Anyway, while Brad’s thoughts were interesting in and of themselves, what I actually wanted to write about is in the comments. For starters,

Speaking as a person with a relatively new $15K rig on my right side and an older (3 years) $10K rig on my left, I think I easily qualify as the definitive hardcore gamer and I must say I have not felt like games have been targeting me. This is of course for a number of reasons. The first and foremost is that I have one utterly frustrating time getting all the stuff to work as a system without anything going other then the OS and drivers. Then getting support for the hardware and OS is a major bitch to say the least.

A $15,000 computer? Lets assume for a moment that this isn’t a mistake or a lie. How exactly do you make a computer that expensive?

I paid a visit to the Alienware website to see what the most expensive machine I could possibly build would be. The specs:

Acoustic Dampening Case
1000 Watt PSU
Triple SLI 768MB 8800 GT
Intel C2E 3.0 GHz (w/ OCed FSB)
4GB 800MHz RAM
nForce 680i Motherboard
Vista Ultimate
2 64GB SATA Solid State Drives
2 1TB 7200rpm HDs
4x Dual Layer Blu Ray Drive
30″ Monitor and a 20″ Monitor
Surround Speaker System

So what does this run us? Just barely squeaking in over $11,000. Granted, that’s an obscene amount of money to be paying for a computer and you’re already paying a hefty premium for every piece and the dubious honor of owning an Alienware computer, but even that doesn’t hit $15k. What exactly could one add on that would add another four thousand dollars to the pricetag? A couple more monitors, a gold-plated case?

Aside from being completely preposterous and more likely than not totally untrue, what I find objectionable about this is that it reinforces the false notion that computer gaming requires these huge expenses. Follow the conversation spurred by Brad’s post and you’ll see several people who take for granted that running modern games requires a multi-thousand dollar computer. No game on the market today requires that. Crysis is the single game that might not be able to be run at highest settings with a thousand dollar computer, and even that is questionable.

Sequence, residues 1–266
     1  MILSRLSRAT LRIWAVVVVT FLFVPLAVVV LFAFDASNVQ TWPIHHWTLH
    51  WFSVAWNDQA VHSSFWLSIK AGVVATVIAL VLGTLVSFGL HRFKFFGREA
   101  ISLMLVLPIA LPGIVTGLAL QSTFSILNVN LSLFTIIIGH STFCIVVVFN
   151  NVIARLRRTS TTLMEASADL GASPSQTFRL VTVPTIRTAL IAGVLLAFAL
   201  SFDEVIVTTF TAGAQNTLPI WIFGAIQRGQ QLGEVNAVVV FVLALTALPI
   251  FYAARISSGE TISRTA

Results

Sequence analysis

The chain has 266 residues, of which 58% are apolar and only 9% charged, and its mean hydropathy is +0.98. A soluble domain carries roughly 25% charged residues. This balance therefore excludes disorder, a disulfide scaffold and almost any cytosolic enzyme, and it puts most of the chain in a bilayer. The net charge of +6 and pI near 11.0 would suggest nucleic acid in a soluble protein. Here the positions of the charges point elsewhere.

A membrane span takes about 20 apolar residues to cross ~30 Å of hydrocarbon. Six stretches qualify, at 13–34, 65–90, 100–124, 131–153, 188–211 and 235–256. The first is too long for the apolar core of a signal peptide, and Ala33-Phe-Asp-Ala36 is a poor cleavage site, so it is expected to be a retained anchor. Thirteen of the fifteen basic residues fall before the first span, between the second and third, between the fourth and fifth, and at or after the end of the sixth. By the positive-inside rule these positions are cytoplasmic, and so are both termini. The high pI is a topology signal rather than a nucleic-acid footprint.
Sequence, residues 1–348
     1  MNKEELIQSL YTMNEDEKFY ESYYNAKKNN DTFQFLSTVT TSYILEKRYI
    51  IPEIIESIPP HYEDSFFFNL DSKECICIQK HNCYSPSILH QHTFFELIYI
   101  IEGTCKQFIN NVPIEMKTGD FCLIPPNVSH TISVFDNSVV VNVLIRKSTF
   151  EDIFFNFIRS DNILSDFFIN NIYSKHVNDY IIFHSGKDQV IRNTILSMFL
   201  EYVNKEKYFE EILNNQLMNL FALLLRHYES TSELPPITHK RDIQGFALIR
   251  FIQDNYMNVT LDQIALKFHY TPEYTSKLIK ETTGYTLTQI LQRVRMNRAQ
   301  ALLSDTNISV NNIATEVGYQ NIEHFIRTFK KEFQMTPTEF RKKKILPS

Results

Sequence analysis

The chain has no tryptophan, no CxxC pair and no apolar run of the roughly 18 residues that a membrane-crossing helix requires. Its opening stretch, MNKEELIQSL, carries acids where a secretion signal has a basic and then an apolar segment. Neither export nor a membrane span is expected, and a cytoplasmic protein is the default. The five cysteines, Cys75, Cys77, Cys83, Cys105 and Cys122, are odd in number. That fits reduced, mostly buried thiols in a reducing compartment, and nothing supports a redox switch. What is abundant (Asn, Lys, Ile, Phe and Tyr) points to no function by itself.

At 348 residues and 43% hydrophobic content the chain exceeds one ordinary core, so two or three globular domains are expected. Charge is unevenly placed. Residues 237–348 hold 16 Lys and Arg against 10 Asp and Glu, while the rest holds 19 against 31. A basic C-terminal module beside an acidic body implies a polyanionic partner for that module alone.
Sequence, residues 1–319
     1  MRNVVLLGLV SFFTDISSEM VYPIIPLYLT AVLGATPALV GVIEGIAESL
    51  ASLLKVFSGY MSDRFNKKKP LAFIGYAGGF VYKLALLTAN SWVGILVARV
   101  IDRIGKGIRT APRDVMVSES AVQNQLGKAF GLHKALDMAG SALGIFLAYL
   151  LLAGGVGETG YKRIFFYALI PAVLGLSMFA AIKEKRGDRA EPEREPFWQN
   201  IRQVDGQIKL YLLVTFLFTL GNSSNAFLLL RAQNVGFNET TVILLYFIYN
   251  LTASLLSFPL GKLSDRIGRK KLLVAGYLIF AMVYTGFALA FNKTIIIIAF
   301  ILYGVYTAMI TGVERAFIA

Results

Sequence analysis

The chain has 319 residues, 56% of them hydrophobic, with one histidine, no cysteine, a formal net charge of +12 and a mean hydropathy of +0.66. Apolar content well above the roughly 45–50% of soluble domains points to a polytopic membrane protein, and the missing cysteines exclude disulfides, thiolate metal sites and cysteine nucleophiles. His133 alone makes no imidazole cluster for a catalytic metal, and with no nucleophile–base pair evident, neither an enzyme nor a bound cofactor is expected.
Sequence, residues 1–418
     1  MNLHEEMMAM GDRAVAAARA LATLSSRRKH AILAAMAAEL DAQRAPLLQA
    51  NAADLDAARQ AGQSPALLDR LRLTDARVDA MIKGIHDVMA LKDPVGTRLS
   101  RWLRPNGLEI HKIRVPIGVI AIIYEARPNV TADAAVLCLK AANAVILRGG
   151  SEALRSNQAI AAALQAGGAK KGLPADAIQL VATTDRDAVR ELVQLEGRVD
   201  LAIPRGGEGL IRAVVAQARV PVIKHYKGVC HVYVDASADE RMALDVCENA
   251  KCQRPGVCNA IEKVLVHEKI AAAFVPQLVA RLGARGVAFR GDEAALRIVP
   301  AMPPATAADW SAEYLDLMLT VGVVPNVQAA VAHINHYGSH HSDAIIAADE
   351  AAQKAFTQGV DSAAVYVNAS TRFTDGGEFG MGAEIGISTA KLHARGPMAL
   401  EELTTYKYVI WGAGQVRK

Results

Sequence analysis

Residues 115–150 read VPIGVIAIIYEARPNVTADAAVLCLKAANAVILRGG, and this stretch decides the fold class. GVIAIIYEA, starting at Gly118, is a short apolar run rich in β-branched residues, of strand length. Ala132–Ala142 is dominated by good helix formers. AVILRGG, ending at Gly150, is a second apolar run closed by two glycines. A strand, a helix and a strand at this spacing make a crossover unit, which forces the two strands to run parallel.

As much as I may be, at times, the kind of person who complains about excessive pursuit of graphics in games (when in lieu of things like story and gameplay), it’s time to stop complaining about hardware costs. It’s just not valid to claim you need a $3000 computer to run the latest PC games, or a $400 graphics card that you upgrade every six months. These assumptions have become so mythical that they’re taken for granted. It’s time to put a stop to that. Today’s Triple-A computer games are probably the least demanding of high end computer hardware of any that I can remember. Maybe if there weren’t so much misinformation flying about people would be able to make more informed purchasing decisions.

Gaming Costs

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Games, Technology

Unfortunately I’ve been a bit neglectful of the blog of late. This isn’t due to lack of desire or ideas, just the complete lack of time in the face of a hundred other tasks that are demanding my attention lately.

On the other hand, when I read a comment over at Shamus’ blog the other day, I got rather irritated to the point that I had to vent.

What people don’t consider is playability (over restrictive DRM measures inhibit this) and graphics (yes, you’re game looks great and all, but unfortunately I won’t buy it because I can’t run it!) I love the PC as a platform, it allows for so many possibilities, but when I could shell out $400 for a console and some games, or $1500 for a decent mid-range computer that might play the games I want, I think I’ll go for the console.